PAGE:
I’m not sure if the drug was created to enhance the music or the music enhanced the drug but it’s fair to say they both came together at exactly the right time. People that would quite happily knock lumps out of each other if they were on cheap speed or pissed up seemed to be happy to congregate with a ‘dove’ down their neck.

05. How did people react to the vastly different music on offer at the Rave type events?

I’m sure the drugs must have played a large part. If you were ‘on one’, as youths of that time used to say, it was almost like an epiphany and the music, the lights and the whole experience made sense. If you weren’t then it probably seemed like a sweaty hell-hole in a disused building with someone’s car alarm going of at ear-splitting volume. I don’t think there was any grey area with the music – you either got it with a semi-religious fervour or thought it was shit.

06. Was the ‘Rave Culture’ partly responsible for the end of tribalism in Youth Cultures?

I honestly don’t know what happened but it did seem to ‘blend-in’ a wide range of punters. I’m sure there are still hardcore ravers out there somewhere but I suspect that any Mods, Punks or Scooterists that drifted on to the acid house scene have long since drifted back to their original style. I think the warehouse rave scene got so much national publicity that many people just got involved out of curiosity and then got kind of swept along by it for a few years. There’s no doubt that things did change around then. Before 1988, subcultures were fairly insular and there was not much crossover but I’m not sure if rave was totally to blame. It could have been grunge, the internet… I don’t know? Thatcher?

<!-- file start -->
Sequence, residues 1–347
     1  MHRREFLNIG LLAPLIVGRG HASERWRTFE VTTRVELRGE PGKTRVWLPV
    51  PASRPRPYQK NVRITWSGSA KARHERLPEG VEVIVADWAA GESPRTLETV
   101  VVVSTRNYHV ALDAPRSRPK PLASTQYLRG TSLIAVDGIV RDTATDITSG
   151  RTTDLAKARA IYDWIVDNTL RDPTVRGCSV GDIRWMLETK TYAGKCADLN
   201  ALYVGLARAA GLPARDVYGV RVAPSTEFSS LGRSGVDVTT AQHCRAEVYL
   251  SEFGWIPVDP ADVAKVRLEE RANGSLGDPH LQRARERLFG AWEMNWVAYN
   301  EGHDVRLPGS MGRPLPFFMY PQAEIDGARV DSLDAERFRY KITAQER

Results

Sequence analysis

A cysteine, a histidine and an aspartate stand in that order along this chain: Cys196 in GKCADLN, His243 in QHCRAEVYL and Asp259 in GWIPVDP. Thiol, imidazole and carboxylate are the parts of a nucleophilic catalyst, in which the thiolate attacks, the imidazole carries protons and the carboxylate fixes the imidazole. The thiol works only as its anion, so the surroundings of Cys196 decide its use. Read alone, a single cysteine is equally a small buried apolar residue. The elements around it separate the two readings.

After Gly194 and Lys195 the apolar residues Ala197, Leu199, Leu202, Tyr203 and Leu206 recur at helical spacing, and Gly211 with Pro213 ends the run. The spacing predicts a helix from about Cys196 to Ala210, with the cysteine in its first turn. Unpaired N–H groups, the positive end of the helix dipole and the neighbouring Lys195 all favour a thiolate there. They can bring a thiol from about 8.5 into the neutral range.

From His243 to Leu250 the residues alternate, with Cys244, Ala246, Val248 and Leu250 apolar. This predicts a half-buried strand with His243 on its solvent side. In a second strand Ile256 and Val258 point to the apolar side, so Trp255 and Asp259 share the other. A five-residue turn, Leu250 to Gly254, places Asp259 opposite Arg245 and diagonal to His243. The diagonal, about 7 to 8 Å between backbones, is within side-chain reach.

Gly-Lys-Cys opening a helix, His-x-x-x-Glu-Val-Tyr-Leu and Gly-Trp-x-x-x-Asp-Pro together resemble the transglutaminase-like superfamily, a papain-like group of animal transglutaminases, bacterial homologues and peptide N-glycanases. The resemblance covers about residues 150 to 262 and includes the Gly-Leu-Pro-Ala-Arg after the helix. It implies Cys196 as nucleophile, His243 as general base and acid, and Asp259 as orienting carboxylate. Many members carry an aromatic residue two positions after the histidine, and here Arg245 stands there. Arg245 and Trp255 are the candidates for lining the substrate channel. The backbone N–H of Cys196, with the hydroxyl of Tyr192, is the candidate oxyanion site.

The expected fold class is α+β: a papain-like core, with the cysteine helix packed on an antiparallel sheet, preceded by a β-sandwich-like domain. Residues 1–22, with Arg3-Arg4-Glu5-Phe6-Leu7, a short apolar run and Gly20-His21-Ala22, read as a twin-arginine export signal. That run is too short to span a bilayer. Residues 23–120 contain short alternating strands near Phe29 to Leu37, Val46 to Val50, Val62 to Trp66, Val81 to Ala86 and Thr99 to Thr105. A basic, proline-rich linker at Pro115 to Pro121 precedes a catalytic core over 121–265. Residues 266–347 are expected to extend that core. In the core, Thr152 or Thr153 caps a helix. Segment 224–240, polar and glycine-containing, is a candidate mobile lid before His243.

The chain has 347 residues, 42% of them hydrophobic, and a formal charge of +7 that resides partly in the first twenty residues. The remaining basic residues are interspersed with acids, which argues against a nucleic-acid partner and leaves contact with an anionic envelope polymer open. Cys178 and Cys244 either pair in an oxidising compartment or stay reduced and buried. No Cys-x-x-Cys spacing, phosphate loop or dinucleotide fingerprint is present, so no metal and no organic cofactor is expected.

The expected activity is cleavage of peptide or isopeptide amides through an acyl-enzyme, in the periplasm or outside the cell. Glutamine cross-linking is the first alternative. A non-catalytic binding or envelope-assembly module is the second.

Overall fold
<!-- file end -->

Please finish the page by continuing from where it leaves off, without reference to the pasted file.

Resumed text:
07. What was it like to ‘mobile’ on a Scooter in huge numbers and take over Seaside Towns?

It always amazed me the buzz that emanated from the big coastal runs. You started of with a few mates from your town, met a bundle more in the city then the numbers slowly grew with every mile that you got closer to your destination until all you could see were scooters. The first time I went to Scarborough, in 1987, I was shocked by the numbers that were there, it felt like scooterists had taken over the town completely.

08. What types of bands were popular with 80s Scooterists?

So many styles of music were part of the scene and that’s what attracted me to it in the first place. The majority of the events I attended were from the Midlands up and my booze-soaked memories certainly recall Northern Soul, Motown, Ska, 60’s Garage, Psychobilly, Punk, revival Mod and even some Glam Rock. Psychobilly bands that played quite a big role at runs, scooter do’s etc. were The Meteors, King Kurt, The Coffin Nails and The Highliners and no matter where you were someone was always playing Al Wilson’s ‘The Snake’ and Billy Ocean’s ‘Red Light Spells Danger’.

09. How does ‘Rave on Scooterboy’ compare with ‘Psychobilly’ your other ODB title?

‘Rave On Scooterboy’ is a real step forward for me, with a lot of research behind it to build up the story. ‘Psychobilly’ was basically autobiographical with names and places changed to protect the guilty. Generally though, I strongly believe that the experience of belonging to a street culture, or movement if you like, is a pretty shared experience. That feeling of being part of something is an unbeatable feeling, so this book should have a pretty wide appeal. If you were there you can remember the feeling, if you were not you might wish you were.

10. Where can folks grab a copy of ‘Rave on Scooterboy’?

Straight from the folks who are putting the boot back on the bookshelf with modern pulp fiction – www.olddogbooks.net

 

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admin

Boo Eyeplug acts as webmaster/designer for the Eyeplug site. Not the most social of creatures and with several personality issues, and rather exotic, eccentric tastes for obscure ‘cultish’ stuff which makes his ramblings seem even more sweetly abstract and often annoying.

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June 10, 2016 By : Category : DozenQ Eyeplugs Features Front page Interviews Literature Tags:, , , ,